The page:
IJCM  Vol.7 No.3 , March 2016
Parental Occupational Exposure and Risk of Acute Leukemia in Children: A Tunisian Population-Based Case-Control Study
Abstract: Background: In recent decades, the incidence of children’s hematological malignancies has been increasing worldwide including Tunisia. Their severity is reflected in the importance of the medical, social and economic impact. This increase remains fully unexplained, and the involvement of genetic, environmental and occupational factors is strongly suspected. Materials and methods: Our study was a cross-sectional survey of the type case-control conducted in the University Hospital of Farhat Hached of Sousse during the period ranging between 1 July 2011 and 30 June 2012, and which included children with acute leukemia compared to children unharmed by neoplastic disease. Cases and controls were matched by age and gender. Our objective was to describe the socio-occupational characteristics of the parents of children with acute leukemia and to identify potential occupational factors implicated in the genesis of acute leukemia. Results: The number of acute leukemia cases in the Hematology Service and day hospital of the University Hospital of Farhat Hached during the study period was 66 cases divided into in 40 boys and 26 girls with a sex ratio of 1.53. Our cases and controls were matched by age and gender. The risk of incidence of leukemia in children from smoking fathers was higher (p = 0.02, OR = 2.24, IC = [1.11 - 4.52]). The risk of incidence of leukemia in children from alcoholic fathers was higher with p = 0.009, OR = 3.9; CI = [1.33 - 11.39]. After adjusting different variables, the difference persisted significantly with pa = 0.03 and ORa = 3.5, ICa = [1.09 - 11.6]. 25.7% of cases had a family history of blood disease and neoplasia, whereas no control presented that. The difference was statistically significant (p = 0.006, OR = 1.46, IC = [1.38 - 1.56]). The parental occupational exposures associated to the occurrence of acute leukemia in children were pesticides with a statistically significant difference (p = 0.03, OR = 2.94, IC = [1.06 - 8.13]). This difference persisted after adjustment with different variables pa = 0.01, ORa 3.75; ICa = [1.27 - 11.03]. This difference had become significant after adjustment with the different variables pa = 0.03, ORa = 2.67, ICa = [1.06 - 6.7]. Conclusion: Our results showed some support for a positive association between childhood acute leukemia risk and parental occupational exposure to pesticides and cement. Additionally, acute leukemia risk among children might be increased with parental alcohol consumption.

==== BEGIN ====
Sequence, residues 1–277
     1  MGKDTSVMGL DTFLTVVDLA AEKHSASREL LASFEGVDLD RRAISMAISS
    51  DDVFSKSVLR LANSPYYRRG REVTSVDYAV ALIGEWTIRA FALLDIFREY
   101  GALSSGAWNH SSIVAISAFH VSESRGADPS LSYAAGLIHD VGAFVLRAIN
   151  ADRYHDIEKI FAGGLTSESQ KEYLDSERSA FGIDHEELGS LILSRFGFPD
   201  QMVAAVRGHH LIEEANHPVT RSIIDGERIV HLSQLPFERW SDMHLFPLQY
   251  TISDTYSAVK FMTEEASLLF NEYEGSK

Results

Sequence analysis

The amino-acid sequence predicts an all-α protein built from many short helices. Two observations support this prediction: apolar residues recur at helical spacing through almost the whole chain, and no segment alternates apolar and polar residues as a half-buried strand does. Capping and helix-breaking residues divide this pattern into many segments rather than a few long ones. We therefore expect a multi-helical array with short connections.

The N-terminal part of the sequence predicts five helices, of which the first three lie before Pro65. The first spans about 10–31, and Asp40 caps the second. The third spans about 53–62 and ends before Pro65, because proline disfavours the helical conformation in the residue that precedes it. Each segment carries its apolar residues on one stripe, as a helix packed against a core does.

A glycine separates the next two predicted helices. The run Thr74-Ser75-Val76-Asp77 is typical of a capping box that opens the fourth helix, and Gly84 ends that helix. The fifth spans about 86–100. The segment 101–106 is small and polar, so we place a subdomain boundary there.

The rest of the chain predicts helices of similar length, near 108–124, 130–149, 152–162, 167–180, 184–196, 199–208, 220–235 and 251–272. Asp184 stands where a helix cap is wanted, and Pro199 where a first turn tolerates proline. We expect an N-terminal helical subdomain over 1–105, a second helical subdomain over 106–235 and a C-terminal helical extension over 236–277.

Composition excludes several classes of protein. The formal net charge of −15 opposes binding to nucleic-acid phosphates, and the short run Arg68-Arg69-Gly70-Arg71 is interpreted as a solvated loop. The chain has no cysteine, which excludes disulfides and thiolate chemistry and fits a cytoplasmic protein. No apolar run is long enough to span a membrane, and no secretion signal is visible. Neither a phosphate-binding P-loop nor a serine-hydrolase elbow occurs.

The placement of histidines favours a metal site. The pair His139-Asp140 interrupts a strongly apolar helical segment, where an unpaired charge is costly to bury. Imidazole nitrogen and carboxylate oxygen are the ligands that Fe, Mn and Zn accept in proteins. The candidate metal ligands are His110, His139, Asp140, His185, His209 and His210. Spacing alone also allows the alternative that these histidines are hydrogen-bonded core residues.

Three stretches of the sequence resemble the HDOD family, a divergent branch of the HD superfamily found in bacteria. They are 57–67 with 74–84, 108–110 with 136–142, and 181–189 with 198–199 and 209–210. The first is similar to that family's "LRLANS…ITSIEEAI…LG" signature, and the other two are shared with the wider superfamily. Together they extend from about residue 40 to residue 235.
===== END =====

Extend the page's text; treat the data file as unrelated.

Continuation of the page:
Cite this paper: Kalboussi, H. , Youssef, Y. , Bougmiza, I. , Aloui, F. , Aloui, A. , Boughattas, W. , Maoua, M. , Brahem, A. , Chatti, S. , Maalel, O. , Debbabi, F. , Khlif, A. and Mrizak, N. (2016) Parental Occupational Exposure and Risk of Acute Leukemia in Children: A Tunisian Population-Based Case-Control Study. International Journal of Clinical Medicine, 7, 193-203. doi: 10.4236/ijcm.2016.73020.

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